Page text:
Church bells ring incessantly throughout deserted streets. Homes are abandoned and those that are not are barricaded against strangers and friends alike. Formerly bustling markets stand empty except for a handful of vendors who put profit over safety. Outside City Hall, gravediggers with empty coffins await assignments while the few officials left in the city debate what to do next...
Philadelphia, the new nation’s capital, largest city and busiest port had become a ghost town. Almost everyone who could—about 40% of the population—travelled north to Germantown or west across the Schuylkill. They left behind the poor, who had nowhere to go, the physicians, desperately trying to save their patients, and the lawyers, busily drafting wills for the dying.
Delirious victims stumble into the streets, skin yellow, blood dripping from nose and gums, disgorging black vomit from internal hemorrhaging. Many are taken to Bush Hill, an empty mansion commandeered by the city to serve as a hospital for the poor. There they die in squalor and pain and are buried in trenches.
City, state, and federal governments left the city, but Mayor Matthew Clarkson and his committee of volunteers met day and night at City Hall on Chestnut Street. Clarkson asked French-born financier Stephen Girard for help. Girard, who had experienced similar epidemics in Santo Domingo, took charge of Bush Hill and used his fortune to clean it, staff it, and provide bedding and good food for the patients. He brought in Dr. Jean Deveze, a refugee from Santo Domingo, to run the hospital. Deveze followed the "French treatment" which emphasized clean air, good food, and wine to support the patient’s own healing capabilities. The College of Physicians supported this view and many members treated their patients accordingly.
Other physicians followed the prestigious Dr. Benjamin Rush, signer of the Declaration of Independence, who prescribed copious bloodletting, purging, and large doses of mercury to rid the victims of "bad humours." These doctors were aided by hundreds of African-American volunteers, both slave and free. It was commonly believed that African-Americans were immune to Yellow Fever and community leaders, Richard Allen and Absalom Jones, saw this as an opportunity for African-Americans to gain respect. They encouraged their followers to volunteer and hundreds did. Rush trained many of these volunteers to bleed and purge the sick. Others worked as nurses or buried the dead. In the end, the prevailing wisdom proved incorrect and over 200 African-Americans perished in the epidemic.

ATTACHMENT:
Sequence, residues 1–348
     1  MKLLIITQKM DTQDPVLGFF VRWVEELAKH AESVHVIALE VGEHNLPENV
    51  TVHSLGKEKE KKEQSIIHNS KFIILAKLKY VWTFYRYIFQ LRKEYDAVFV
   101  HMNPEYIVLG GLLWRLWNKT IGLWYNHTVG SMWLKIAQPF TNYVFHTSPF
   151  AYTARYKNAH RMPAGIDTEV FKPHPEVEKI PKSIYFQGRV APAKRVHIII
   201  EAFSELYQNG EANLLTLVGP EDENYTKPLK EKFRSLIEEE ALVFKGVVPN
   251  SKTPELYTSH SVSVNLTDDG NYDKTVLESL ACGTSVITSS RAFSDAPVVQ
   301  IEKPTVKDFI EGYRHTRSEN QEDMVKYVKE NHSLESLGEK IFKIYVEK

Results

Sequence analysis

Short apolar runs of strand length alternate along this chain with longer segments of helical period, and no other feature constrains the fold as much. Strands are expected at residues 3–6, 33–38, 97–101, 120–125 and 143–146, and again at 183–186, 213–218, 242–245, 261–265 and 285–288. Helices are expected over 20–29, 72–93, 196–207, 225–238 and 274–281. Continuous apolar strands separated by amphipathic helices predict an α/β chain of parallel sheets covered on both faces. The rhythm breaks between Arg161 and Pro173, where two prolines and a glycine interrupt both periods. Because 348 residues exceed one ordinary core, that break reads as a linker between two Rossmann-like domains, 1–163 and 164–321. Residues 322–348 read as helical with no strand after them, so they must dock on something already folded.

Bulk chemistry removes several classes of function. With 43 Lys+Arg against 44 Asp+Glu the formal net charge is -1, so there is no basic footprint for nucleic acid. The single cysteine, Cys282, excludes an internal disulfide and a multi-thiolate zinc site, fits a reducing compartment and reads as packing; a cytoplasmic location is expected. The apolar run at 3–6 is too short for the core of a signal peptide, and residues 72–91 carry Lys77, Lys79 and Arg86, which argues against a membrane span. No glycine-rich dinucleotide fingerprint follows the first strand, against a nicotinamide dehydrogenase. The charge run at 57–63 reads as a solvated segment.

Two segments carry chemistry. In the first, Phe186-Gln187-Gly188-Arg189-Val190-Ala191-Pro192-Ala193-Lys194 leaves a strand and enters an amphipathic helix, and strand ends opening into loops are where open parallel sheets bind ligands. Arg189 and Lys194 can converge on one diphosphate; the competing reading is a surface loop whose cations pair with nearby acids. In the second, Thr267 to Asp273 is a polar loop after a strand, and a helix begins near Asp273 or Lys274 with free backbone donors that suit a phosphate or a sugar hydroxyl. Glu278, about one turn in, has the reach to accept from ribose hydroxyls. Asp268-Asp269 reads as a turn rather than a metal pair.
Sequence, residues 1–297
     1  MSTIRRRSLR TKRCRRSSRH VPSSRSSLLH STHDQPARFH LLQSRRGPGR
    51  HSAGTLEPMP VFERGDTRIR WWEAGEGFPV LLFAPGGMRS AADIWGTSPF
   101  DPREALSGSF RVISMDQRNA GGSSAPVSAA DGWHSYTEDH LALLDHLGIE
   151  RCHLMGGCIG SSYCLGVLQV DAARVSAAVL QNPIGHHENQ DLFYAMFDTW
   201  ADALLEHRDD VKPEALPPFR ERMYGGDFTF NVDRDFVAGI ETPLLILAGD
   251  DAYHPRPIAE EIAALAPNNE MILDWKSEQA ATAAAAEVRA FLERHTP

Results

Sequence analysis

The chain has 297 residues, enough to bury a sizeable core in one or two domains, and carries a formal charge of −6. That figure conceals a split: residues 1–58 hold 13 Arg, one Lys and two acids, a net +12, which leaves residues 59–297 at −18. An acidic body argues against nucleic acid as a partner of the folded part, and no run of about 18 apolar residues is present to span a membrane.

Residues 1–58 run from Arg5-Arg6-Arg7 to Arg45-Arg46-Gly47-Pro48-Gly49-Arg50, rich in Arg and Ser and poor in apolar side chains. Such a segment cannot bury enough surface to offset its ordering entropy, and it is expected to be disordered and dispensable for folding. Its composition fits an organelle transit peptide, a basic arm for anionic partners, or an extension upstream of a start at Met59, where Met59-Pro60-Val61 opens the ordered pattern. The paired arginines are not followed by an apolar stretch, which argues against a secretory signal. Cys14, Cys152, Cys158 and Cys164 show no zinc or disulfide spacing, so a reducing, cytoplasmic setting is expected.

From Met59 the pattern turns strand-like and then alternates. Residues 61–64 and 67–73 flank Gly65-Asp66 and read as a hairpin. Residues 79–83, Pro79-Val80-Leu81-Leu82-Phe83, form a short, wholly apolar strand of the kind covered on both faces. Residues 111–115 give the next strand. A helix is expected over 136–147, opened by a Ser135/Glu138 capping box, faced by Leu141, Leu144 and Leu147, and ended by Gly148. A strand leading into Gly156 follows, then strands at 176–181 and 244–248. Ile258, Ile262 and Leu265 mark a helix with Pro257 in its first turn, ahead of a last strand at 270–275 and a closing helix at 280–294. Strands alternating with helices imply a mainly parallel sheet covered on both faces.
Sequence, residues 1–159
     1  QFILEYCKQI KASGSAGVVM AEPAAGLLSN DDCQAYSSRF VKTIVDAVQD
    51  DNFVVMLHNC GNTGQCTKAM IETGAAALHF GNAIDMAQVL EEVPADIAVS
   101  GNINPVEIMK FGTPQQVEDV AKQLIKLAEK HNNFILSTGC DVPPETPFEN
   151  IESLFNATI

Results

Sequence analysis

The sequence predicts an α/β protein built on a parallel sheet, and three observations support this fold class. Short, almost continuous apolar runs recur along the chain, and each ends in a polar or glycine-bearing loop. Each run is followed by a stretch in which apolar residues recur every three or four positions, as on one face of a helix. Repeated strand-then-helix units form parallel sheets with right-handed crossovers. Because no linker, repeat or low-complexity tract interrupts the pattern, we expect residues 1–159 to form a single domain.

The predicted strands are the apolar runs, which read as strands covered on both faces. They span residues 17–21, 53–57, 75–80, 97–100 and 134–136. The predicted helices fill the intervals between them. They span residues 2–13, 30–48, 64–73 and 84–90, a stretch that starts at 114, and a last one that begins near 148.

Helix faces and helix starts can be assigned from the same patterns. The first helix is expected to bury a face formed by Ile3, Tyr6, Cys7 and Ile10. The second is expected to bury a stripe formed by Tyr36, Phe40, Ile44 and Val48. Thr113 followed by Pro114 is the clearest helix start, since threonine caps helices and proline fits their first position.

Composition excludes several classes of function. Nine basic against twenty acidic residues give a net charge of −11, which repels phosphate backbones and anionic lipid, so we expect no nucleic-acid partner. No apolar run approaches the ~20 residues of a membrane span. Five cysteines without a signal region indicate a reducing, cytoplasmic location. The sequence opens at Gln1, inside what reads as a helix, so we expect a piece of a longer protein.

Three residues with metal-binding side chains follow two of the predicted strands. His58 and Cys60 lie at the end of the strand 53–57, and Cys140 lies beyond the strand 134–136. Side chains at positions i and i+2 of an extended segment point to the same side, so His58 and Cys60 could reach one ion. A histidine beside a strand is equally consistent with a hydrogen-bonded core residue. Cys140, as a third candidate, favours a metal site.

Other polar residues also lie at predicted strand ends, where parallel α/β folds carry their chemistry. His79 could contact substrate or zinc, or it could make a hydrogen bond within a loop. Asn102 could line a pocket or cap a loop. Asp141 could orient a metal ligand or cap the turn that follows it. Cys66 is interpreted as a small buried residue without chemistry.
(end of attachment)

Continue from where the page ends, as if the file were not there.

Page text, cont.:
People left in the city try to protect themselves by smoking tobacco, chewing garlic, wearing bags of camphor, and washing in vinegar. There are no ships in the harbor, no farmers in the markets, no one in the locked and boarded stores. The starving scavenge gardens and trash bins for scraps.
By October the death rate had risen to 100 per day. George Washington was in a quandary. The U.S. government had been dispersed since mid-summer and had important work to do, but the Constitution stated that the government must meet in Philadelphia. Fortunately a severe frost in late October killed the mosquitoes that were spreading the virus and the death toll dropped precipitously. The government returned to Philadelphia. By the end of the epidemic, 5,000 Philadelphians—10% of the population—had lost their lives.
In the aftermath, city officials created the Philadelphia Board of Public Health to do whatever possible to prevent future outbreaks. This led to street cleaning, a city water system, and construction of The Lazaretto, a quarantine facility for cargo and passengers arriving from infected ports. More than 100 years passed before science determined that Yellow Fever was not contagious, but spread by the Aedes aegypti mosquito (the same as Zika virus).